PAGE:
Asphalt contractor takes on concrete work

Albuquerque Asphalt faced a common problem for asphalt contractors – to subcontract or self-perform concrete work. Though they handled dirt work and asphalt in-house, subbing concrete and underground work left them short of the 50% self-performing requirement to bid work as a prime contractor on many jobs. When an experienced concrete crew became available last fall, the decision to bring work in-house became an easy one. Shortly thereafter, another decision – what type of slipform machine to choose – took more work.


Albuquerque Asphalt had worked around one Power Curber competitor and bought asphalt paving equipment from the dealer of another, so the field was wide open. The leadership of Albuquerque Asphalt did their homework, traveling to jobsites in three different states and watching all three brands in action. After seeing the machines pouring, the decision was clear. The Power Curber 5700-C was the fit for their curb and gutter and sidewalk needs.


President Bob Wood and Vice President Jacky Spencer spent weeks researching machines; in the end, the operator-friendly design, compact size, and labor saving features of the 5700-C won them over. “When we saw the size of the machine and the simplicity of steering the front track only, we knew it was what we wanted,” explained Spencer.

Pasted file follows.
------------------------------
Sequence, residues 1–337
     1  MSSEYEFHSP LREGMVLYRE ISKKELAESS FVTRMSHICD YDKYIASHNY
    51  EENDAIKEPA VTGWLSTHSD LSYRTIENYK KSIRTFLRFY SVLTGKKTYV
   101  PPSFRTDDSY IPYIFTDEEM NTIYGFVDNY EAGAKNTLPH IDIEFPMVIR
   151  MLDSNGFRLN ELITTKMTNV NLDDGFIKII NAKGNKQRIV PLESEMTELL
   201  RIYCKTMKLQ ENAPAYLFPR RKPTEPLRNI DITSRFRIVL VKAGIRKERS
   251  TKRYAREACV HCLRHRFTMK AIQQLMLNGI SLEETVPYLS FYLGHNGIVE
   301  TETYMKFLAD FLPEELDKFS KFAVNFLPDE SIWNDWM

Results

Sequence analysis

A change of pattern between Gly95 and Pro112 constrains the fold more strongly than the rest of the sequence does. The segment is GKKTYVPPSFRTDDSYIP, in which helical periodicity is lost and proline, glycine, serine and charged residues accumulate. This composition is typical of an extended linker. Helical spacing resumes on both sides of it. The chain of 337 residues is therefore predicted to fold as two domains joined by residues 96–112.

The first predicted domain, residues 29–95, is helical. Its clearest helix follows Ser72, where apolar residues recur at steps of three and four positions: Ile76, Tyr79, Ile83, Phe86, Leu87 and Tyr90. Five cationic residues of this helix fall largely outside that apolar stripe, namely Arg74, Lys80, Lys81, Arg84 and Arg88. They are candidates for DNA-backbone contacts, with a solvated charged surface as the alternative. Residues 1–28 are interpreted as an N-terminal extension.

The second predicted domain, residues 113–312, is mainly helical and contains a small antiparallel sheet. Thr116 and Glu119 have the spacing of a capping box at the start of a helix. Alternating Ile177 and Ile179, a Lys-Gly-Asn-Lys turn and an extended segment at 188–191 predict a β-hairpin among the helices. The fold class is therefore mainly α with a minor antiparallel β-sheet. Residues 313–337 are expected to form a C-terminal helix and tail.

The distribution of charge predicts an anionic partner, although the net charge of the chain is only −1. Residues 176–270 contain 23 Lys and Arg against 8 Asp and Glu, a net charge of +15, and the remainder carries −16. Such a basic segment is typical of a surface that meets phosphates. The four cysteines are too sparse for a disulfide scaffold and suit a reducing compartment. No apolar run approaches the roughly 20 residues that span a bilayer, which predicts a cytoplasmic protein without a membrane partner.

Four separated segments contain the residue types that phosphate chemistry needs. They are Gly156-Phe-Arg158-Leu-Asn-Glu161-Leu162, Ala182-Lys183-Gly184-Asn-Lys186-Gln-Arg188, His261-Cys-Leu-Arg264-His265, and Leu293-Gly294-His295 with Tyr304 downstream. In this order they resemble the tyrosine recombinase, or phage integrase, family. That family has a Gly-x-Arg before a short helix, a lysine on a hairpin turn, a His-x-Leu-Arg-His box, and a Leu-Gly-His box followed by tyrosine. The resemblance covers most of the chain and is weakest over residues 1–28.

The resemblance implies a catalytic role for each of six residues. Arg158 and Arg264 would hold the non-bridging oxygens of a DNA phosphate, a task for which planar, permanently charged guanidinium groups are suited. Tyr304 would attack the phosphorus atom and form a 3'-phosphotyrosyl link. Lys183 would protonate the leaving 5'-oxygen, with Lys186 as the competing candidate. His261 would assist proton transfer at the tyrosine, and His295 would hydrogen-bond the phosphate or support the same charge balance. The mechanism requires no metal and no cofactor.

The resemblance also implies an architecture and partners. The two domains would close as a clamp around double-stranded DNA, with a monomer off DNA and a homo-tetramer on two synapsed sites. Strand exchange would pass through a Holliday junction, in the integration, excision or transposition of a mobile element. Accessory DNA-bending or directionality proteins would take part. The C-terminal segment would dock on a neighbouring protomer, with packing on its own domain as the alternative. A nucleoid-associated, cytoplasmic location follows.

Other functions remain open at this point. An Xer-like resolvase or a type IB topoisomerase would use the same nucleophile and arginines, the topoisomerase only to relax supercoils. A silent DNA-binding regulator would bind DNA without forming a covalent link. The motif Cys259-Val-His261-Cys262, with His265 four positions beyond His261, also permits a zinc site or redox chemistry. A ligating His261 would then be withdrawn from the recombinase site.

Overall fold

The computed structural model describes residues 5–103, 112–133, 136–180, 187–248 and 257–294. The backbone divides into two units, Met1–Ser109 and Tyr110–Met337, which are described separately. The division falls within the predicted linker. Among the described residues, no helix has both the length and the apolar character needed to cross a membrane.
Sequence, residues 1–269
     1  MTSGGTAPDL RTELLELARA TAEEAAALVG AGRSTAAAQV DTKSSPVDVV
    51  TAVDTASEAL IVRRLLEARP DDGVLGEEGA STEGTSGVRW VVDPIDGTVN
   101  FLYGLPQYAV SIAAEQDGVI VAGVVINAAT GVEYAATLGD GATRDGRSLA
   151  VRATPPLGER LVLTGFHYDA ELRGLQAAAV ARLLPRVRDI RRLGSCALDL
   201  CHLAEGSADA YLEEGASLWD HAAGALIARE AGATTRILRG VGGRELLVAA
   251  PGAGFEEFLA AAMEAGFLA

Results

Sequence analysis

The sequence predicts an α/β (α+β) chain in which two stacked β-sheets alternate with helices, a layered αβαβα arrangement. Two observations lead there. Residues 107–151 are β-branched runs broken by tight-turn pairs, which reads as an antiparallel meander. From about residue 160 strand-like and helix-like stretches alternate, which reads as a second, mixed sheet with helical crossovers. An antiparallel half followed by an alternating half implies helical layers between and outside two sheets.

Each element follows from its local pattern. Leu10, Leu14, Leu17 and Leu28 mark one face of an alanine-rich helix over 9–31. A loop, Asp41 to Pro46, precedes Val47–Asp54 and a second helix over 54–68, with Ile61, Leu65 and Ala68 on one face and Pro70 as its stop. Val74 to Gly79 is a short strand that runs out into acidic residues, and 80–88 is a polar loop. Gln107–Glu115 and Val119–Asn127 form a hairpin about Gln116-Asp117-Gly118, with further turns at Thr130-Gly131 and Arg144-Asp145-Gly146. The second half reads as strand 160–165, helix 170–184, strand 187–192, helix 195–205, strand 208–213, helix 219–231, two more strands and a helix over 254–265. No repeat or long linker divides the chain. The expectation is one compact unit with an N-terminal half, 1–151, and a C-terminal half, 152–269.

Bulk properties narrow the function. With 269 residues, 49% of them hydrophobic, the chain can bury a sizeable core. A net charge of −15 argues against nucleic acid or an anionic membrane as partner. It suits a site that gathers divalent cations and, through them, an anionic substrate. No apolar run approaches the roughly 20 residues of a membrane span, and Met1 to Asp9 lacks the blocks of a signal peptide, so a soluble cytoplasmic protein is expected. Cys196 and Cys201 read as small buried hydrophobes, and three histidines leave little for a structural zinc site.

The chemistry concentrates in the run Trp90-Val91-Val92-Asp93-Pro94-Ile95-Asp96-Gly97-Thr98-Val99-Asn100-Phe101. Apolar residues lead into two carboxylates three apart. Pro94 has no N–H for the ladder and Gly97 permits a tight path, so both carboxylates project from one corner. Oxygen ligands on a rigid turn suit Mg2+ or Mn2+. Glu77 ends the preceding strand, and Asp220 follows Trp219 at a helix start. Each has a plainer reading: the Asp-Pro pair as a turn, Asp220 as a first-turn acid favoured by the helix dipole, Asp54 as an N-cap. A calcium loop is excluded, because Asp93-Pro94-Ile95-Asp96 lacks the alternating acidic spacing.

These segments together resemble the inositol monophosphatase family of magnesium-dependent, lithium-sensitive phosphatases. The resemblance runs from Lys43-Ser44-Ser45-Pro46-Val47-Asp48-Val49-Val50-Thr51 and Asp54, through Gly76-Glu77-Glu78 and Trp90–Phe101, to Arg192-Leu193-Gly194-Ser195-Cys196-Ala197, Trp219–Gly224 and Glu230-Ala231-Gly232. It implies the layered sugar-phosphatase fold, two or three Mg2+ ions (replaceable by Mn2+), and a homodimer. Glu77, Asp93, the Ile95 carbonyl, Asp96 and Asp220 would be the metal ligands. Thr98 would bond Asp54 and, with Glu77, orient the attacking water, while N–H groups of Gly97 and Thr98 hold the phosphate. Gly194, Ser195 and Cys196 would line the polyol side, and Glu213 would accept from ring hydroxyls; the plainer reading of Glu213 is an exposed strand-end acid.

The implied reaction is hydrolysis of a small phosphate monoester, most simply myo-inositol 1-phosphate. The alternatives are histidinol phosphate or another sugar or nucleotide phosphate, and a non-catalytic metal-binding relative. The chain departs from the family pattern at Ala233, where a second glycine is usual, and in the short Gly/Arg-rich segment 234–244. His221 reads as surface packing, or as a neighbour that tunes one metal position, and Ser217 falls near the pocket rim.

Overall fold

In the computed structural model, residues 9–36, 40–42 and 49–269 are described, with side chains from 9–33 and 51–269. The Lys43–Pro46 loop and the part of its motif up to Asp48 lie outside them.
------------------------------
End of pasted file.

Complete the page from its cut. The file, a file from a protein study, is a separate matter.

After taking delivery in February, Albuquerque Asphalt went right to work, pouring over 30,000 linear feet of curb and gutter on three DOT jobs around the city. The results were positive and immediate. “We’ve been told by two long-time concrete contractors that we’re pouring the best looking curb in town” stated Wood. “We’ve run the numbers and doing it ourselves has helped the bottom line.”


By May, Albuquerque Asphalt took on six-foot sidewalk. The project, a widening of State Highway 528 in Bernalillo, NM, enabled the company to utilize crews and equipment from throughout the company. During our visit, the 5700-C poured sidewalk, while only six feet away their asphalt crew simultaneously paved parallel to the sidewalk.


Like the choice to get into concrete work, slipforming the sidewalk wasn’t an easy decision. “I thought we should do the sidewalk by hand and save on the mold investment. But when we realized we’d get off the job five days earlier by slipforming it, I changed my mind,” reflected Spencer.


In July, an opportunity arose to pour a golf cart path on an area municipal golf course improvement project. With existing sprinkler heads located only 18” from either side of the intended path, the 5700-C squeezed in between, allowing Albuquerque Asphalt to pour the job in center-pour setup. Like the curb and gutter and offset sidewalk jobs, the work went smoothly and productively under the watchful eye of many city officials.


Concrete Superintendent Saul Garcia has become a believer in the Power Curber. “I like the machine. The auger keeps a good mix all the way to the hopper. My operator ran another machine, but loves the 5700-C.” His thoughts were echoed by Spencer. “The learning curve was fast. Having a crew that knows what it’s doing lets me spend time on other things. I don’t have to worry with this crew.”


Both the decision to add concrete to the package of services they offer and the decision to do it with a Power Curber have been good ones. The machine’s performance and support from the factory have been outstanding. Wood summarized it this way: “They’ve done everything they said they were going to do and the machine’s making us more profitable. We can’t ask for more than that.”


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